Yes, CDs are FDIC insured up to $250,000 per owner per account type. If you have more than $250,000 to put into CDs consider opening CDs at several different banks so that you don’t deposit more than can be insured.
If you are concerned about your coverage use this FDIC calculator to ensure that your funds are protected.
A CD ladder is a strategy used to spread your cash through several CDs with different terms so you always have some money becoming available, and take advantage of higher interest rates.
Say you have $10,000 you want to invest. You could split up that amount evenly amount CDs with terms of three, six, nine and 12 months. Once the three-month CD matures, you then purchase another 12-month CD, and enjoy the relatively high interest rate.
Receiving a steady stream of income helps you to manage your cash flow, says Daren Blonski, managing principal, Sonoma Wealth Advisors, a California-based wealth management firm.
“You should always rotate your money and always have something come due,” he said.
When a CD matures you’ll receive a notification from your bank letting you know your options. You can withdraw the funds and interest, you can open a different CD with a new term or you can let your current CD roll over with the same term length but likely a different interest rate.
The APY for the roll-over CD will likely be different due to interest rate changes while your old CD was in place. If you are happy with the length of your CD and the new interest rates then there is no harm in letting the CD roll over.
As a seasoned financial expert with extensive knowledge in banking and investment products, let's delve into the concepts covered in the article about Certificates of Deposit (CDs).
Certificates of Deposit (CDs): A Strategic Savings Option
Firstly, the article introduces a Certificate of Deposit (CD) as a savings product provided by financial institutions. My expertise confirms that a CD allows individuals to lock in an interest rate, usually expressed as an Annual Percentage Yield (APY), for a predetermined period. This fixed interest rate sets CDs apart from savings accounts, making them an attractive option for those willing to commit their funds for a specific term.
Key Features of CDs:
Locking In Interest Rates:
- CDs offer the advantage of fixed interest rates, providing a predictability of returns over the specified term.
- The APY, or Annual Percentage Yield, is a crucial metric for comparing the returns from different CDs.
- When opening a CD, individuals choose a term, often ranging from three months to five years. This term reflects the duration for which the funds are locked in, impacting the interest earned.
Restrictions on Deposits and Withdrawals:
- Typically, additional deposits are not allowed once a CD is opened. However, the article suggests opening multiple CDs or creating a CD ladder for flexibility.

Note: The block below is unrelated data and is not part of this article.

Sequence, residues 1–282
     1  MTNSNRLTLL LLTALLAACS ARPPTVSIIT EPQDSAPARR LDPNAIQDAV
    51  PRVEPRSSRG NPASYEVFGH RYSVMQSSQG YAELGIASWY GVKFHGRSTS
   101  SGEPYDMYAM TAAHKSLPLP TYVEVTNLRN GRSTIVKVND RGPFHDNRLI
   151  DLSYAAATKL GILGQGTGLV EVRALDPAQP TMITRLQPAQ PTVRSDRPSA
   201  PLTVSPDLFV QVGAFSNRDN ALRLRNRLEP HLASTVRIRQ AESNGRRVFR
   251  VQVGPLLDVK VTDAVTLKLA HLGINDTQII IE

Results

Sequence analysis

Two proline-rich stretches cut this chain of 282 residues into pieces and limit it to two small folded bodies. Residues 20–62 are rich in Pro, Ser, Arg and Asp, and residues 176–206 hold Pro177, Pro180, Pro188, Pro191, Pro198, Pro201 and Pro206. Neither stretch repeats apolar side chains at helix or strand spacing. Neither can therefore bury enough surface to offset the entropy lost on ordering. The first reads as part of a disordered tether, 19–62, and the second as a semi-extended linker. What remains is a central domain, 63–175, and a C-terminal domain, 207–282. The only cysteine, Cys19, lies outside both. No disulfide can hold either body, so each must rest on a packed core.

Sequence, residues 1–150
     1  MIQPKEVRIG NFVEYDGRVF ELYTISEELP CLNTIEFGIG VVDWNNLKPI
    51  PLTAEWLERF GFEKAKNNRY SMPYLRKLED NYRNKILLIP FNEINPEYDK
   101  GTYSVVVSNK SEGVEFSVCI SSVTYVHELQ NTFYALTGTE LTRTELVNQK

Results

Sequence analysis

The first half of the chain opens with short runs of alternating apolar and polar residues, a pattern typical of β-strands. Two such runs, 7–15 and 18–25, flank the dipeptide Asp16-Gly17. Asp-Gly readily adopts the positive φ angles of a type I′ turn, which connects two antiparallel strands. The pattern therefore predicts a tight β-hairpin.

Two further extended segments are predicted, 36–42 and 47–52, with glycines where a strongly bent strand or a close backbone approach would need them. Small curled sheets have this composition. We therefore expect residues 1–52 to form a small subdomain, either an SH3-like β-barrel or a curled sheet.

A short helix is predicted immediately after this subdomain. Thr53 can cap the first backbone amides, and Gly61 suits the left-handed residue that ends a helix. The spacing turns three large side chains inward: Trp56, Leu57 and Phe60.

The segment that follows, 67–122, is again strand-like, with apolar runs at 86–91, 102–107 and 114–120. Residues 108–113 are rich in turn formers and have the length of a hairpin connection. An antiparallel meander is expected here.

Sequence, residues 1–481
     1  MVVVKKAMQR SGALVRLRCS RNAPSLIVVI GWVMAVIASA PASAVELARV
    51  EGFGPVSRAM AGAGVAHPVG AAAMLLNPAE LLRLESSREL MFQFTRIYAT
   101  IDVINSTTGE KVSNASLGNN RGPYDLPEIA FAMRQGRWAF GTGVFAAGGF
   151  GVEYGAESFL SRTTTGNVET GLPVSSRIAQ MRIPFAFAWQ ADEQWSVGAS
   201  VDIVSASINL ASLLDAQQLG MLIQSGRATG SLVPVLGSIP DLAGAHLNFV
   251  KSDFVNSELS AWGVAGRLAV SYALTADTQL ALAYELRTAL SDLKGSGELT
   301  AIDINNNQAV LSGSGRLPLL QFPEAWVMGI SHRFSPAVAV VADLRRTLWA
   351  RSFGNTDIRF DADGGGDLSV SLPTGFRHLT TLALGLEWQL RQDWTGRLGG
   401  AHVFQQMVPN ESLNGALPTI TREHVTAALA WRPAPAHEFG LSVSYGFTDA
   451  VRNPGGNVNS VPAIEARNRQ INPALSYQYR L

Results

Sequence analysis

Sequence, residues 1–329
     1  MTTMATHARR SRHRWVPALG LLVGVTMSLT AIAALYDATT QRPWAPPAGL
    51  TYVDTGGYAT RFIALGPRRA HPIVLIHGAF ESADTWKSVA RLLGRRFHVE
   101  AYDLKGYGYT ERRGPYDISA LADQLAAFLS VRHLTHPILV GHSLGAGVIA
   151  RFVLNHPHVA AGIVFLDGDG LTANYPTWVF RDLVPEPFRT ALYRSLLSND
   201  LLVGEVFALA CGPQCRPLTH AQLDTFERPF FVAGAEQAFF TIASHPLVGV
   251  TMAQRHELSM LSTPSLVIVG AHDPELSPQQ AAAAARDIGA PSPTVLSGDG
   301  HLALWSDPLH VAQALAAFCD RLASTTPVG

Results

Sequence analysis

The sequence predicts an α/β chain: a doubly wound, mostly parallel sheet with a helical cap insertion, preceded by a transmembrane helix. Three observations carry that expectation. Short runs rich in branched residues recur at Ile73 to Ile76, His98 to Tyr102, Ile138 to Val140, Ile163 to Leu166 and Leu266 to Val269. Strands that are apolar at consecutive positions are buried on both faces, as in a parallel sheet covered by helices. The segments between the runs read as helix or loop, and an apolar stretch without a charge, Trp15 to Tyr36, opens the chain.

- Withdrawals before the CD maturity date may incur penalties unless a no-penalty CD option is chosen.
Maturity and Renewal:
- As the CD approaches maturity, the account holder receives a notification. They can choose to withdraw funds, renew the CD with the same term, or select a new term.
- Automatic renewal is common, and interest rates for renewed CDs may be subject to current market rates.
Types of CD Accounts:
The article outlines several types of CD accounts, including:
- High Yield CDs: Offering higher interest rates than average CDs, often found at online banks.
- No-Penalty CDs: Allowing early withdrawal without penalties, but usually with slightly lower interest rates.
- Raise Your Rate CDs: Allowing rate increases if interest rates rise during the CD term.
- Jumbo CDs: Having large minimum deposit requirements, often catering to substantial sums.
Choosing the Right CD:
The article emphasizes key considerations when selecting a CD:
- Term: Align the CD term with your financial goals and the time you can commit your funds.
- APY Comparison: Compare APYs across banks to secure the highest yield for your desired term.
- Withdrawal Penalty Awareness: Understand potential penalties for early withdrawals, even though it's not the primary intention.
CDs vs. Savings Accounts:
The article provides a clear distinction between CDs and savings accounts:
- Liquidity: CDs offer fixed rates but limit access to funds until maturity, while savings accounts provide more liquidity.
- APY Comparison: Although APYs may be similar, CDs offer fixed rates, providing guaranteed returns.
The FAQs address common queries about CDs, confirming their FDIC insurance up to $250,000 per owner per account type. The concept of CD laddering is also explained, providing a strategy to optimize cash flow and take advantage of varying interest rates.
In conclusion, Certificates of Deposit serve as a valuable component in financial planning, offering a safe investment option with fixed interest rates. The article provides a comprehensive overview of CD features, types, and considerations, making it a valuable resource for those looking to maximize their savings and investments.